Mandy Moore on being a mom: ‘It is overwhelming on a level that I never expected’

This week has been brutal for parents, apparently. A bunch of celebrities have woken up to the fact that having kids is tough. But then we read their comments and even though we knew that, we’re reminded all over again that yeah, parenting is tough! Mandy Moore, who is finishing her final season of This Is Us, recently talked to Health Magazine. Mandy is mom to one-year-old son August. She’d wanted to be a mom for a long time and was elated when her adorable baby finally arrived. However, as happens once kids get here, Mandy found out a lot about who she is as a mom. The thing that surprised her the most was how much motherhood brings with it.

On what the pandemic helped her do: Get pregnant. Truly. We had been trying to get pregnant for a while, and I think it took being together at the same place at the same time. My husband is a musician and he’s always on the road. Maybe whatever stresses we had put on ourselves in terms of trying to have a baby, or just the external stresses of life in general—once that was out of the equation, it allowed for things to take the natural course. In that sense, I am so grateful.

On the expectations of motherhood: Every day is different. It is overwhelming on a level that I never expected. All of the clichés are true. The love is so immediate. In the very beginning it was like, “Oh, you’re nursing. The baby’s sleeping.” You figure out your routine. Then maybe three months in felt like, “I don’t know what I’m doing. I don’t have the skill set for this. Maybe I’m not a good mother.” I questioned everything. I looked at my husband, who seemed so at ease—it was so natural for him. I felt bad about myself and what I brought to the table as a mom. And it made me question everything. And I was like, “Is this feeling going to last forever? Am I just going to feel unworthy, unprepared? Is this just the foreseeable future?” And a week later, I found my equilibrium again. I remember people telling me that everything is a phase and not to get too set in your ways about anything—and it’s true.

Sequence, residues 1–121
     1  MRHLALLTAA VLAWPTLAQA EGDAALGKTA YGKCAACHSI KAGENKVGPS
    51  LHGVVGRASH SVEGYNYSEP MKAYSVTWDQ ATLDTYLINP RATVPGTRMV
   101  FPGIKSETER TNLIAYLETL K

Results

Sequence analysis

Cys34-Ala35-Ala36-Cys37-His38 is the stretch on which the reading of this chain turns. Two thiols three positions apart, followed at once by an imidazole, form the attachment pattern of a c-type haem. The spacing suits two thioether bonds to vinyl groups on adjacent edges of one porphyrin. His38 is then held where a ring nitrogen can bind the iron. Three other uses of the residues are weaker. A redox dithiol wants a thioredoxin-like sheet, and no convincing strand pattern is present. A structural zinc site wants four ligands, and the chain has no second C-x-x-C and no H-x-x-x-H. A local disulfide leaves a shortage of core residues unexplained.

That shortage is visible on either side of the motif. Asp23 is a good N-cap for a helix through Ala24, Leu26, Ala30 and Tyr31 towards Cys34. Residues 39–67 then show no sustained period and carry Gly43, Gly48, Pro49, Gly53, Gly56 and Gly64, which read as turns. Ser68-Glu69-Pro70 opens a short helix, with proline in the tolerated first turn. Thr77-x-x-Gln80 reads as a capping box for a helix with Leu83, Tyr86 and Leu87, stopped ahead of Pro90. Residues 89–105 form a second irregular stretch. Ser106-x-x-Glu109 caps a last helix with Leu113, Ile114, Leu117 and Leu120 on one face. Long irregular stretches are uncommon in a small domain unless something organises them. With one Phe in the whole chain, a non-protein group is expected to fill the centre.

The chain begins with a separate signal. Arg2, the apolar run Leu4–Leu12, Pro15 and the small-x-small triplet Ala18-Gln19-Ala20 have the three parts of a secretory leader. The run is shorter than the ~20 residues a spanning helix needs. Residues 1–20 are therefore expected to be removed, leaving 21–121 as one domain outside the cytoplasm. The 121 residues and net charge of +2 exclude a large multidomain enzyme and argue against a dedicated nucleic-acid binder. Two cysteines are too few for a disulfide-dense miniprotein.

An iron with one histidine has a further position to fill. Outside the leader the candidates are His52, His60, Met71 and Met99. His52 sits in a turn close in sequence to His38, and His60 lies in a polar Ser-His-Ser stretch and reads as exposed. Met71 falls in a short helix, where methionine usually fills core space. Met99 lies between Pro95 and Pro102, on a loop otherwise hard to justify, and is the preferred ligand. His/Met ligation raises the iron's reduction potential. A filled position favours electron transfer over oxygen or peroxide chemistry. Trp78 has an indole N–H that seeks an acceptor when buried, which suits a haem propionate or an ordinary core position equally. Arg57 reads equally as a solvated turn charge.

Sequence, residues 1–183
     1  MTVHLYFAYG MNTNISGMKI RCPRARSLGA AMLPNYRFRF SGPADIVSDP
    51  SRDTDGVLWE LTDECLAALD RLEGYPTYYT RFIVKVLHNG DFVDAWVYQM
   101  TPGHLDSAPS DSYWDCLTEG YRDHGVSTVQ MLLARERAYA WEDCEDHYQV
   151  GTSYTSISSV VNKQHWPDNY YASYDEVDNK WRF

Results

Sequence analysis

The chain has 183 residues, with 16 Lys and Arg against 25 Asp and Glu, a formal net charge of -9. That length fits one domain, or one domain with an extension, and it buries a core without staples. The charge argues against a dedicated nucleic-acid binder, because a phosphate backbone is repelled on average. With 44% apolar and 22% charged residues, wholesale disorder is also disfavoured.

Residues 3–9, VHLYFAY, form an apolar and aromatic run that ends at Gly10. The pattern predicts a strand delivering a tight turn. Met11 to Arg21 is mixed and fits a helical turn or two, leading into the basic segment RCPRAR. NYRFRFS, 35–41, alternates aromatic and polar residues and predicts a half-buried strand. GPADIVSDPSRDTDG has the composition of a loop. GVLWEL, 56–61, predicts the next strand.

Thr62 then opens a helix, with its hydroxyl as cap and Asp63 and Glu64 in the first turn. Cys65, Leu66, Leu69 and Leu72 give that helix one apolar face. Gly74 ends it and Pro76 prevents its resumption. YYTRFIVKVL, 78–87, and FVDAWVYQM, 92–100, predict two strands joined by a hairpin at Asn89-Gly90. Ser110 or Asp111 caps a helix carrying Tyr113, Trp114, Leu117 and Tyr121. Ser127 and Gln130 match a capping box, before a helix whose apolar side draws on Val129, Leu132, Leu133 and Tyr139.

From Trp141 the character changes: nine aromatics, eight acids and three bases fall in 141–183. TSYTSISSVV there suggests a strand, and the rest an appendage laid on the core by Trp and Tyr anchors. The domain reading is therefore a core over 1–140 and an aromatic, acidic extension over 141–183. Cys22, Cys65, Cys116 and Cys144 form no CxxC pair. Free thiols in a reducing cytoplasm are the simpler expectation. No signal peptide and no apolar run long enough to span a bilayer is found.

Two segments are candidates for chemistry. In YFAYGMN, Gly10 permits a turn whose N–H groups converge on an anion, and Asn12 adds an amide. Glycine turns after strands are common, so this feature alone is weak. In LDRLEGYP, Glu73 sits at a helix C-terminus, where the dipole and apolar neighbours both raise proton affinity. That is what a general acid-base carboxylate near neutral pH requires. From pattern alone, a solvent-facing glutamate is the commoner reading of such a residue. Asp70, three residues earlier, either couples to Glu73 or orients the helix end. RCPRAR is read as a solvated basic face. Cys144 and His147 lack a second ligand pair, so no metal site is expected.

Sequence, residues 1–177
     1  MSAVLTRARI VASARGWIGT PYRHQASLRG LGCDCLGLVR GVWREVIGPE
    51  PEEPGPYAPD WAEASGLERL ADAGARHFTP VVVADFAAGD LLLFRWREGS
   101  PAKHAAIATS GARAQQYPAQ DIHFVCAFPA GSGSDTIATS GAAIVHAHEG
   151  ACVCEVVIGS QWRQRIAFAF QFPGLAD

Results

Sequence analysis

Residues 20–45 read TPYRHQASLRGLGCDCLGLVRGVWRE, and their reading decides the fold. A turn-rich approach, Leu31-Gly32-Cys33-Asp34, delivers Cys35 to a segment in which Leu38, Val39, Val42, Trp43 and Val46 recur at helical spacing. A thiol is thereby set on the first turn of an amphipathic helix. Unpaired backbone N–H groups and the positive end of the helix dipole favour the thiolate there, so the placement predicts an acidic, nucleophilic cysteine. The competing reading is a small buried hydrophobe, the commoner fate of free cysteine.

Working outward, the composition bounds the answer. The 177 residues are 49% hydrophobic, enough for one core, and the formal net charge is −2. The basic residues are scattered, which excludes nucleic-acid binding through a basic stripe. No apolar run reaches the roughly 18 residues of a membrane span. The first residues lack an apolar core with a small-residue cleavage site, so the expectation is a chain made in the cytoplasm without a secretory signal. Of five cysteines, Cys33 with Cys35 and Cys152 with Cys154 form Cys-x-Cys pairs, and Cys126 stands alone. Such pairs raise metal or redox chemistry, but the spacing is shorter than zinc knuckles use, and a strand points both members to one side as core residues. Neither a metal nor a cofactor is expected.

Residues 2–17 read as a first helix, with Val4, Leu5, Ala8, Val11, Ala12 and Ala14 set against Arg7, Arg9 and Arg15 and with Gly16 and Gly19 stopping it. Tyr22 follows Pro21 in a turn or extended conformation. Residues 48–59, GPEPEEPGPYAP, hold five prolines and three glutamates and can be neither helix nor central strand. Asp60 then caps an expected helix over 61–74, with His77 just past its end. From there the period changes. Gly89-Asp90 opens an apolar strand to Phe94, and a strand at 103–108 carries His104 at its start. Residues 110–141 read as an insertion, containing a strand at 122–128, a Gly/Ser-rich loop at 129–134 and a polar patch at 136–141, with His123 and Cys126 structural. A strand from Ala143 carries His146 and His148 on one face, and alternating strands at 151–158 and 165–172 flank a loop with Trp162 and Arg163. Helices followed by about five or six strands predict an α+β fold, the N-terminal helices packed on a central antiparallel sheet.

On how motherhood changed her wellness: Right now, it’s about having grace—being easy on myself when being able to practice self-care doesn’t feel as available and accessible to me. It was so much easier when I was pregnant, to find the time to take care of myself. I was at the chiropractor. I was at acupuncture weekly. I had prenatal massages. And then as soon as baby arrives, all of that pretty much goes out the window. And it’s such a bummer because I feel like I wish I could find the time to sort of incorporate some of those practices again, because they felt so good. But it’s not feasible and so, again, I try not to get down on myself about it. If I do have free time and I’m not working, I’d much rather go on a walk with Gus than rush off to go get a facial. However, that’s not to diminish how important that stuff is, too. I feel like I’m just constantly walking that tightrope of what is going to suit me best today.

On maintaining her mental health: I am usually pretty good with therapy. I especially was [early in] the pandemic. Maybe less so in the last year or so, being a new parent. That has kind of fallen off the priority list. Although I know it will make its way back on because I’ve always found that with therapy—I’ve ebbed and flowed with it over the last 15 years of my life. I’ve also ebbed and flowed with meditation. I find that to be incredibly helpful, and I always feel at my best when I find 10 or 15 minutes to do it on a daily basis.

[From Health via People]

I co-sign on everything Mandy said about kids/routines changing weekly. Sometimes it seems faster than that. It does feel like you’re being thrown off your equilibrium because you just get a routine down and it blows up on you. It’s dizzying. And the worst part is the kids just roll with it, so you feel like you’re nuts. My husband was like Mandy’s. I know it was because he worked outside the home and I was with the kids all the time, but I’d watch him effortlessly go from work to kid mode and I just wanted to punch him. I don’t know. I’d like to tell Mandy it doesn’t last forever but it kind of does. It gets easier and maybe not so rapid-fire, but I’ve spent that last 17 years feeling overwhelmed.